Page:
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Description du livre SIMON SCHUSTER, United States, 2015. Paperback. État : New. Reprint. 229 x 152 mm. Language: English . Brand New Book. In January of 1973 Richard Nixon announced the end of the Vietnam War and prepared for a triumphant second term-until televised Watergate hearings revealed his White House as little better than a mafia den. The next president declared upon Nixon s resignation our long national nightmare is over -but then congressional investigators exposed the CIA for assassinating foreign leaders. The collapse of the South Vietnamese government rendered moot the sacrifice of some 58,000 American lives. The economy was in tatters. And as Americans began thinking about their nation in a new way-as one more nation among nations, no more providential than any other-the pundits declared that from now on successful politicians would be the ones who honoured this chastened new national mood. Ronald Reagan never got the message. Which was why, when he announced his intention to challenge President Ford for the 1976 Republican nomination, those same pundits dismissed him-until, amazingly, it started to look like he just might win.He was inventing the new conservative political culture we know now, in which a vision of patriotism rooted in a sense of American limits was derailed in America s Bicentennial year by the rise of the smiling politician from Hollywood. Against a backdrop of melodramas from the Arab oil embargo to Patty Hearst to the near-bankruptcy of America s greatest city, The Invisible Bridge asks the question: what does it mean tobelieve in America? To wave a flag-or to reject the glibness of the flag wavers?. N° de réf. du libraire AA89781476782423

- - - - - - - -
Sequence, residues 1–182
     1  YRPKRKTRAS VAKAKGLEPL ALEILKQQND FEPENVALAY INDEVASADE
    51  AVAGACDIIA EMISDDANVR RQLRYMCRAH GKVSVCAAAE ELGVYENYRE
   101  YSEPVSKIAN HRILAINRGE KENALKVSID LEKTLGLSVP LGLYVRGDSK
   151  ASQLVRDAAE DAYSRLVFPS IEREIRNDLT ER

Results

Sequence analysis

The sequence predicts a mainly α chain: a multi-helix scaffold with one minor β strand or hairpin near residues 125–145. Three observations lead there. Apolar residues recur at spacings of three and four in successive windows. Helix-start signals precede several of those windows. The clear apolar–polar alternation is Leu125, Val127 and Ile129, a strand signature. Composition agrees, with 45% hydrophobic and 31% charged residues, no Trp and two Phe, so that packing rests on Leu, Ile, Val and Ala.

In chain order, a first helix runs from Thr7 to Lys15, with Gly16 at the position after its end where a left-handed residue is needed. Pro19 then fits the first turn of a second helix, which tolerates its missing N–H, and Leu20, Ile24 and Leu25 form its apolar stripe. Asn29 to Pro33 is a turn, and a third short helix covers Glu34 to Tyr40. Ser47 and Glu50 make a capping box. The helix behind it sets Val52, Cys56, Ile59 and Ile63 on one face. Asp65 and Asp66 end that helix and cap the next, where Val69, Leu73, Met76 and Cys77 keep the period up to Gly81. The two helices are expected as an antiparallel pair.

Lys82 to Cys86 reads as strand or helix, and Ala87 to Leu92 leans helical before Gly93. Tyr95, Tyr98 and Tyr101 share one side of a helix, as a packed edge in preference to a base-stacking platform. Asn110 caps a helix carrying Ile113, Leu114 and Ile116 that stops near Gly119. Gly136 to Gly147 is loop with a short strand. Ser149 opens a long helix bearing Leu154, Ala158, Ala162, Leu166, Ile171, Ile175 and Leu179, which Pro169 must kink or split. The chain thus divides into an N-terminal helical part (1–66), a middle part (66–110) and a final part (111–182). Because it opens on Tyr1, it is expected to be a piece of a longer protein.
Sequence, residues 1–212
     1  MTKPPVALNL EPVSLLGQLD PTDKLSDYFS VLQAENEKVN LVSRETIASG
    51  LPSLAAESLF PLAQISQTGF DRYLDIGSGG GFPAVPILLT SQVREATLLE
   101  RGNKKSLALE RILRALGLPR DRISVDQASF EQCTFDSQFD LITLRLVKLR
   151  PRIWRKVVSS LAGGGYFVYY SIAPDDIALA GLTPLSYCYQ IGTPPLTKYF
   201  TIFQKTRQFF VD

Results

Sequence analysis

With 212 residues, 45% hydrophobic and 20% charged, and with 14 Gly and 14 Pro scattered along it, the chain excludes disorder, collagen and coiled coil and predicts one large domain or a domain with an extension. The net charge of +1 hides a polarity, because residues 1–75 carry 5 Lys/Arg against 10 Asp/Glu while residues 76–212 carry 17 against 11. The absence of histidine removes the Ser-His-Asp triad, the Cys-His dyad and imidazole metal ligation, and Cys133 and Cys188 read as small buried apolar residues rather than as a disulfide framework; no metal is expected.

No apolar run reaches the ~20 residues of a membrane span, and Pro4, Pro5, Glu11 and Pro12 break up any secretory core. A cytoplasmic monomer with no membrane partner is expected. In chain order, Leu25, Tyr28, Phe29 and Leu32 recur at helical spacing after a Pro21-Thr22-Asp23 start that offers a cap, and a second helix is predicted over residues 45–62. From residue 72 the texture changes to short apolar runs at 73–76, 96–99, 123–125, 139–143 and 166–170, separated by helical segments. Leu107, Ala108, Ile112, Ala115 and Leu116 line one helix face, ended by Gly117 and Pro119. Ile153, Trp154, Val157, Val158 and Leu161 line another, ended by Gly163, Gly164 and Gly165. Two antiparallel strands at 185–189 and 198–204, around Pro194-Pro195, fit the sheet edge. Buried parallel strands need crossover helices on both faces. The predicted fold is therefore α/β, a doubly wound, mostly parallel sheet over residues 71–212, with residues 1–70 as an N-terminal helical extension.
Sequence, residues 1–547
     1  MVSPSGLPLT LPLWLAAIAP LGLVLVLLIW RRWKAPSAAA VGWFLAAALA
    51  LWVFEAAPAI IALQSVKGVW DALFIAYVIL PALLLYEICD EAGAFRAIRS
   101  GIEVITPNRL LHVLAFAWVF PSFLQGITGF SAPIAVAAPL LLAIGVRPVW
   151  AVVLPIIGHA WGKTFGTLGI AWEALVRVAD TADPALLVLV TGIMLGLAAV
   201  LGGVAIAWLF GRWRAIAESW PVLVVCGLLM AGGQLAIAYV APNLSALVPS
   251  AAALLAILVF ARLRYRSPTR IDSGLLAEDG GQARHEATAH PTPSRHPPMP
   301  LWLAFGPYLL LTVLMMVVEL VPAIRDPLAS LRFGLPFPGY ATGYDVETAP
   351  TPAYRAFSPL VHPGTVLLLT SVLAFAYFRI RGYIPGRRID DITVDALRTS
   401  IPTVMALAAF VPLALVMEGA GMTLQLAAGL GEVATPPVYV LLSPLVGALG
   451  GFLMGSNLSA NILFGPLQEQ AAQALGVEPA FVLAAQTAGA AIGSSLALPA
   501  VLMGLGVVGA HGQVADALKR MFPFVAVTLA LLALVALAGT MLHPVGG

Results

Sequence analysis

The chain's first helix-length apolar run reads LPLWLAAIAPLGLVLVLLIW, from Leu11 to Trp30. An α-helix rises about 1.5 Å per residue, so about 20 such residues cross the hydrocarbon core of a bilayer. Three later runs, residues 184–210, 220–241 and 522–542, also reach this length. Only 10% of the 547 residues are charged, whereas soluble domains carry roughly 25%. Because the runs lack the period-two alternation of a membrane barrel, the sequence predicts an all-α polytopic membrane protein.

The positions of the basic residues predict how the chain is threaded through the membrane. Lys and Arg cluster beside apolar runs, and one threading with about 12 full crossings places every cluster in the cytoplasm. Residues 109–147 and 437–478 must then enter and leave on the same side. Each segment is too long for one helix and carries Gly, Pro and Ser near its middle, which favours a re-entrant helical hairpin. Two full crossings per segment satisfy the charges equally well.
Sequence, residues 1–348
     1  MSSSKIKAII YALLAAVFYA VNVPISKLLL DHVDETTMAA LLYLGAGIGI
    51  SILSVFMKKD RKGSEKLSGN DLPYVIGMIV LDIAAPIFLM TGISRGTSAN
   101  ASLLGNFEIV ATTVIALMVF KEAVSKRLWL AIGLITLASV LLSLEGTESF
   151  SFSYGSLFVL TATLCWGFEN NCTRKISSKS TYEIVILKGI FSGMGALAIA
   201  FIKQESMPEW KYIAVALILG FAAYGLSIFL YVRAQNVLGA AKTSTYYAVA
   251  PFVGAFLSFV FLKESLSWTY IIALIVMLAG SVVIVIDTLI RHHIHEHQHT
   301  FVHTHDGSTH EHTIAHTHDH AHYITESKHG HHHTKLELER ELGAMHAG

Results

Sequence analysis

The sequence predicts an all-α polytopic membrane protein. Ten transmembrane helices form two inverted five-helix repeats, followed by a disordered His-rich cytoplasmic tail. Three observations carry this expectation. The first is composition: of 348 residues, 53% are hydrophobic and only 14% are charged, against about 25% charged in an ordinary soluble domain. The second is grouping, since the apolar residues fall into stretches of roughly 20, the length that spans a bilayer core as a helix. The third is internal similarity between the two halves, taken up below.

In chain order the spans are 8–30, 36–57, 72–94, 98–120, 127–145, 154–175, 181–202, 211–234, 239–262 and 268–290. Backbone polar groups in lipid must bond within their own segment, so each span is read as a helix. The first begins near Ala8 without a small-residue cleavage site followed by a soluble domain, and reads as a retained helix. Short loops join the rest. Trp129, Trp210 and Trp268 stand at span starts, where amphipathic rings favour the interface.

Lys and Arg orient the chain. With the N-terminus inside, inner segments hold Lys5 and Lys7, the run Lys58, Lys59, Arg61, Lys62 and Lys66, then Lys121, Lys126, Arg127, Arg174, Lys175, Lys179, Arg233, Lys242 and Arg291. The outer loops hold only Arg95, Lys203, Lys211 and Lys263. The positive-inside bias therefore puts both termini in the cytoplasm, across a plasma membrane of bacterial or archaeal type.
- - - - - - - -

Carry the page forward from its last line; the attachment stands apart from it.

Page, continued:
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Description du livre État : New. Depending on your location, this item may ship from the US or UK. N° de réf. du libraire 97814767824230000000

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6.

Perlstein, Rick
Edité par Simon & Schuster (2015)
ISBN 10 : 1476782423 ISBN 13 : 9781476782423
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Description du livre Simon & Schuster, 2015. État : New. A dazzling portrait of America on the verge of a nervous breakdown in the tumultuous political and economic times of the 1970s. Num Pages: 880 pages. BIC Classification: 1KBB; 3JJPL; HBJK; HBLW3; JPHL. Category: (G) General (US: Trade). Dimension: 155 x 250 x 42. Weight in Grams: 922. . 2015. Reprint. Paperback. . . . . . N° de réf. du libraire V9781476782423